At the risk of (further) boring people by providing yet more spiel about Alex Salmond’s big fat Scottish divorce I wish to venture into the counterfactual, namely, what England’s reaction is likely to be after the vote.
Much has been made of the possible repercussions of a yes vote. The divvying up of the national debt, the ramifications for sterling, the nuclear submarines on the Clyde etc. The British government’s official line is that no hypotheticals have been discussed, and there simply has not been any contingency planning. Nobody believes this fad, but it is vaguely useful in denying Salmond the ‘inevitability’ argument.
But if Scotland were to vote in the affirmative, what would happen in London is fairly predictable. Having been rejected by Scotland, British politicians would be in no mood to grant the sort of nonsense concessions Wee Eck seems to want, such as a seat on the Bank of England. So Scotland would have to adjust to hard reality in any case. However it is likely to be even harsher than that, as the rest of the Kingdom would be dominated by Conservatives, based in England, with no sympathy for any part of Salmond’s agenda, and a determination to stick up for their own country’s privileges, even if that were to inflict actual pain on a new independent Scotland. This much is somewhat obvious.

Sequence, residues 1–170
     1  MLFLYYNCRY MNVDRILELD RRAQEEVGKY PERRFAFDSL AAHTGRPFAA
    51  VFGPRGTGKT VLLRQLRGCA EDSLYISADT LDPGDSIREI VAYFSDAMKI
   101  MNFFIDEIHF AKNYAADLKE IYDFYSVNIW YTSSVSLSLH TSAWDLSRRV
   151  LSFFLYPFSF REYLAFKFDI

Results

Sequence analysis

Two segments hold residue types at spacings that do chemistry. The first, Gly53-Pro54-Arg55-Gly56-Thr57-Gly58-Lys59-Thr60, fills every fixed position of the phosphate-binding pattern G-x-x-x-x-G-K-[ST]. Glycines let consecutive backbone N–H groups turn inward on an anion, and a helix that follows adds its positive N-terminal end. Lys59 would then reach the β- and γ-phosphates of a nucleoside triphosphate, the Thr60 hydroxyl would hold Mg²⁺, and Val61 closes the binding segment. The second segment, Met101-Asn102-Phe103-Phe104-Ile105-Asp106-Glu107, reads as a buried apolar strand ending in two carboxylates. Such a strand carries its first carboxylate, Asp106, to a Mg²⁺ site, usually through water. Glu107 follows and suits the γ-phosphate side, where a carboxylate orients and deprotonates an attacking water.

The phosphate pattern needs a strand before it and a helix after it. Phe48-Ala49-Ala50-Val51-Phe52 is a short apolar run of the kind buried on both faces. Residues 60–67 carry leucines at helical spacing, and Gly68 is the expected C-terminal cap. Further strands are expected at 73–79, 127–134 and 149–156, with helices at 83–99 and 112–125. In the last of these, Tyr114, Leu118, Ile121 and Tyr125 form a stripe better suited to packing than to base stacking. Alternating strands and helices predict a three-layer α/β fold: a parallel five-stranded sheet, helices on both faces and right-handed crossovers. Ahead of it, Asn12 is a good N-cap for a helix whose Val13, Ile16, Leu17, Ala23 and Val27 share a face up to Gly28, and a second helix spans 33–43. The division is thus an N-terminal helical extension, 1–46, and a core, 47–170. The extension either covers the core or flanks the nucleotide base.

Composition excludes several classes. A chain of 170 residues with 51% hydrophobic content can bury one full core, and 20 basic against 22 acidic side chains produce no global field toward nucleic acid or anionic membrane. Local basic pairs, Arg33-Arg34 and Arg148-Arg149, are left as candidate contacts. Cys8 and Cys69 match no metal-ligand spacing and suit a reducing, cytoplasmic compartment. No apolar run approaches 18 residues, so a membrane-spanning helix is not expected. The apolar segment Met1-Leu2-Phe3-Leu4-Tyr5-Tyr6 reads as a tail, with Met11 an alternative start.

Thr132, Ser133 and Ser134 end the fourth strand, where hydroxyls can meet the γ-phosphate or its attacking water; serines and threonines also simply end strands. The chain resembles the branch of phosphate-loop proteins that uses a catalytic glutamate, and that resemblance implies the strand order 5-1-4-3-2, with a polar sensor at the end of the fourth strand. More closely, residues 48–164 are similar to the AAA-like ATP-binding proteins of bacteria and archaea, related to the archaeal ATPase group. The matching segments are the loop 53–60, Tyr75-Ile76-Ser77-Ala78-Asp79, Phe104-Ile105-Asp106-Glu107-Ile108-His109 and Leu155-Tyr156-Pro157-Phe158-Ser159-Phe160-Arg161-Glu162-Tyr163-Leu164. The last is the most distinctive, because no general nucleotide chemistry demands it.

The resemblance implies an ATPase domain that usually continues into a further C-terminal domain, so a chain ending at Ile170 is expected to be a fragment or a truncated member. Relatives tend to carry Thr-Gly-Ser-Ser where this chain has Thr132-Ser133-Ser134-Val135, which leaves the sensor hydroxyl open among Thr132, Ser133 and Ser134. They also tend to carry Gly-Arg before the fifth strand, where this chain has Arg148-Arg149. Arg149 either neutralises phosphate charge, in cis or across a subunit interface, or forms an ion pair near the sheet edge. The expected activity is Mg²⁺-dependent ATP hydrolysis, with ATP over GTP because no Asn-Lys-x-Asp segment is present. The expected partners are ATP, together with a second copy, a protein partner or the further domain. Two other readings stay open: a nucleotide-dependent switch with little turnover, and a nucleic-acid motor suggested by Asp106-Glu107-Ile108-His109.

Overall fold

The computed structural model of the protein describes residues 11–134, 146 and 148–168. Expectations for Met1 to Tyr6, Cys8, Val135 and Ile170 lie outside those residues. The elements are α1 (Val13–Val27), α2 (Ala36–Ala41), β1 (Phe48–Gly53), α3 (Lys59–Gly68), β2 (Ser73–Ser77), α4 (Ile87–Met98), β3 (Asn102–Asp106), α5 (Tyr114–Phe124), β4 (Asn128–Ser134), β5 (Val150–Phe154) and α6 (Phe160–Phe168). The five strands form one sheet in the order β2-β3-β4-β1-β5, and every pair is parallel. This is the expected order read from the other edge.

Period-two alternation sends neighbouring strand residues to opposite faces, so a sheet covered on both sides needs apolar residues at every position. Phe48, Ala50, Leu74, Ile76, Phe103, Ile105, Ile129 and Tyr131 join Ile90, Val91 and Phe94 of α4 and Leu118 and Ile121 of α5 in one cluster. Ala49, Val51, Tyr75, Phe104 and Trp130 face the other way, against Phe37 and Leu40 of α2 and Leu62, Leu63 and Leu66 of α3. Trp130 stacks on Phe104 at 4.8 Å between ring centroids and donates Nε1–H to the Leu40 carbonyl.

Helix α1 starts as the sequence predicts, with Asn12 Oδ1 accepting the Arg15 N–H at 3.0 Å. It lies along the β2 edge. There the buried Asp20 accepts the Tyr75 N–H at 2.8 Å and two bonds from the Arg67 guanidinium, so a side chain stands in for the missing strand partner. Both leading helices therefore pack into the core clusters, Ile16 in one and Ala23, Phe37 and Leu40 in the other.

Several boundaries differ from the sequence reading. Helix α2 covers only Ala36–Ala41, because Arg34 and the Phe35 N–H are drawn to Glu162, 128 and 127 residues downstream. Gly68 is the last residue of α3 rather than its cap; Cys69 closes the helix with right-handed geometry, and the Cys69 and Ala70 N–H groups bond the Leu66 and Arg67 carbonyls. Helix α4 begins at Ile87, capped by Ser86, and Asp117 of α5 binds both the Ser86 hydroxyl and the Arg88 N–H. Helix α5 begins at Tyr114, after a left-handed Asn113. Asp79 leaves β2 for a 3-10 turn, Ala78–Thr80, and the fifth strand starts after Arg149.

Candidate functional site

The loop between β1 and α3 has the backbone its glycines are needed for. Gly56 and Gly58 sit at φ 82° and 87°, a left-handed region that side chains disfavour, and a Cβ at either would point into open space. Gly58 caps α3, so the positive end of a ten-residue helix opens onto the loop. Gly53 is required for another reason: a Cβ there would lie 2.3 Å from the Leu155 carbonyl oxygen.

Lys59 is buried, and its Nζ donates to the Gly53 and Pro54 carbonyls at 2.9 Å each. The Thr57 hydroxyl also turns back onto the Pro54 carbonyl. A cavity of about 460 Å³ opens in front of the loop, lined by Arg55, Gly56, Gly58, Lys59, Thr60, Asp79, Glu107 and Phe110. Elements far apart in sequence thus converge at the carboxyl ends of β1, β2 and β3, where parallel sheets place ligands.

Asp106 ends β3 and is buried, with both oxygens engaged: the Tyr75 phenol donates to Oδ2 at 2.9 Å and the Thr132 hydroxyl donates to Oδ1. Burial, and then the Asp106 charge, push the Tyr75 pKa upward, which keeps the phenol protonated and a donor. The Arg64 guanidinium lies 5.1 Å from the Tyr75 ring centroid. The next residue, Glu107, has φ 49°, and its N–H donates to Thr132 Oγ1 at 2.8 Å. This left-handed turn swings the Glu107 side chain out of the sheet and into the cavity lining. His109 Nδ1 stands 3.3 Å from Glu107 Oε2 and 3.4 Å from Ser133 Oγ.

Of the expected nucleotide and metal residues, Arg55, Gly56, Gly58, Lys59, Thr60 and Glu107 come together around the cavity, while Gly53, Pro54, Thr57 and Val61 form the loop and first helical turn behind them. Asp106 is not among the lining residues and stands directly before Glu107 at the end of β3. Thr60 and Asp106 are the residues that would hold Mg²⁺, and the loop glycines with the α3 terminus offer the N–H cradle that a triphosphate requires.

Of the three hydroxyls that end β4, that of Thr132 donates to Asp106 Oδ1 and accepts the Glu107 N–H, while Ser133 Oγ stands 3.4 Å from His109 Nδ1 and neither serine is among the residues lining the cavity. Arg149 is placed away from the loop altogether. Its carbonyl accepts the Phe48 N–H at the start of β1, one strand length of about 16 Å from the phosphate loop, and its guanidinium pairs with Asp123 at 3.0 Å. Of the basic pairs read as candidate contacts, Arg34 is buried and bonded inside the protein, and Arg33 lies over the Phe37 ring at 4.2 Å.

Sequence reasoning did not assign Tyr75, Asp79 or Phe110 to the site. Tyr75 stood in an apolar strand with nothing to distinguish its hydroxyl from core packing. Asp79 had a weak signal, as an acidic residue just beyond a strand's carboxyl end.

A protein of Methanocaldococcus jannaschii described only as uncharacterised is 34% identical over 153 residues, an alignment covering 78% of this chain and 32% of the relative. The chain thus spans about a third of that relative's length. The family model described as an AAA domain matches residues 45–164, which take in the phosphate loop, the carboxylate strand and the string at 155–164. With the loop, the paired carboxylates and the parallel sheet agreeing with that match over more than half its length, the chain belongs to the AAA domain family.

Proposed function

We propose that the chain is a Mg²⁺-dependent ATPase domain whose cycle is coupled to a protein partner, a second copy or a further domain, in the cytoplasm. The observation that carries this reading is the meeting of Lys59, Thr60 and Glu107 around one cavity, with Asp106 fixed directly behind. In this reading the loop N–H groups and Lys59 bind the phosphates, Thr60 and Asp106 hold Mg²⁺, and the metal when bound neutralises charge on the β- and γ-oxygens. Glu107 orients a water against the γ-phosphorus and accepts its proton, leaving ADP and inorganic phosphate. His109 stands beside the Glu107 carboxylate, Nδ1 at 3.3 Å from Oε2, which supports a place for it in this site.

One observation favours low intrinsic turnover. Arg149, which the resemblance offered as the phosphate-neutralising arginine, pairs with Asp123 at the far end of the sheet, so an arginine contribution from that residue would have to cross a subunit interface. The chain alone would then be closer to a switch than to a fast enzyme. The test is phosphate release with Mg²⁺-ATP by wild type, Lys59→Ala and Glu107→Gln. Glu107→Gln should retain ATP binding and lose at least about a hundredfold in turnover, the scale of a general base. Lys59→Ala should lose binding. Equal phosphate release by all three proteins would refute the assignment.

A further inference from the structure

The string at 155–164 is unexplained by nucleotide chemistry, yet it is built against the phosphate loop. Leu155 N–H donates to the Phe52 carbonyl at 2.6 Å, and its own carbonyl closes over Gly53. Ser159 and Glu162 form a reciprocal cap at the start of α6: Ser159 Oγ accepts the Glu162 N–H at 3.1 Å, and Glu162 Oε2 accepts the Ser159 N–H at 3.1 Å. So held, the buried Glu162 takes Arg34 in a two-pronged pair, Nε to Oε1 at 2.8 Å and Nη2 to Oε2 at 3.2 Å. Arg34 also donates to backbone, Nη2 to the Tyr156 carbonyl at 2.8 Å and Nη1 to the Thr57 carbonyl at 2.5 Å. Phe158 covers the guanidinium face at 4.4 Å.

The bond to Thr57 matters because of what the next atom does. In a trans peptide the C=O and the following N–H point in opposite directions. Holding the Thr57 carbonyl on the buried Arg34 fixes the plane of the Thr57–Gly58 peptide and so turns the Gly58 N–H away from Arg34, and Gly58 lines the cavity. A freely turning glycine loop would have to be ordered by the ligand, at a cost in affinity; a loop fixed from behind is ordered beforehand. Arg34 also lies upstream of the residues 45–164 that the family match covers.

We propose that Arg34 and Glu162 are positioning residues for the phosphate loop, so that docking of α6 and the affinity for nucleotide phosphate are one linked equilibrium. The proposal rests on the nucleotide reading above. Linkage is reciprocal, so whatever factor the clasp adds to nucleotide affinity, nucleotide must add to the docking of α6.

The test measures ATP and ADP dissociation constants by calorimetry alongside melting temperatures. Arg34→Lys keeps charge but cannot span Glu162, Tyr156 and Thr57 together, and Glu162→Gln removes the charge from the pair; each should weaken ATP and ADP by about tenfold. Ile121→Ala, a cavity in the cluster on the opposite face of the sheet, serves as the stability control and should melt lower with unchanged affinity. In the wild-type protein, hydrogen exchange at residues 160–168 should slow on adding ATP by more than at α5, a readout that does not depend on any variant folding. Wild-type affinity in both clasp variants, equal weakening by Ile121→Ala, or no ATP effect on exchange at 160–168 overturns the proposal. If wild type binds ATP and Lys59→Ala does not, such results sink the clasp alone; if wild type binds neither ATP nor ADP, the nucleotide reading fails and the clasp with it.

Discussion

But what happens if (when!) the Scots vote no? Well once the laughter over Salmond’s humiliation dies down, and the relief in Downing Street over the Union is spent, a new emotion is likely to dominate the Edinburgh-Westminster devolution discourse: contemptuous disinterest.
This is most likely to be an asymmetric phenomenon. The Scottish establishment, particularly the SNP, will continue to press London on all manner of issues, asking for concessions and subsidies hither and thither. But the English political class, much like the English public (particularly in the South) are likely to spurn them utterly.
The reasoning is fairly straightforward: when asked to stay or go they stayed – they can’t then continue to whine about the vagaries of Union life. So whereas previously there has been obfuscation, delay, or indeed concession, in future Westminster is likely just to say no. For they know that they no longer have to fear the ultimate bogeyman of the plebiscite.
Now, it is possible that a closer vote, with a narrow victory for the Better Together, could continue to yield pressure. But this is unlikely; constitutional fatigue would set in amongst the political class in a way which it has already filtered into the wider public.
For that’s one thing this referendum has created; the foreseeable end of English patience. The Scots can vote yes or no in 2014. The English are likely to say no regardless thereafter.
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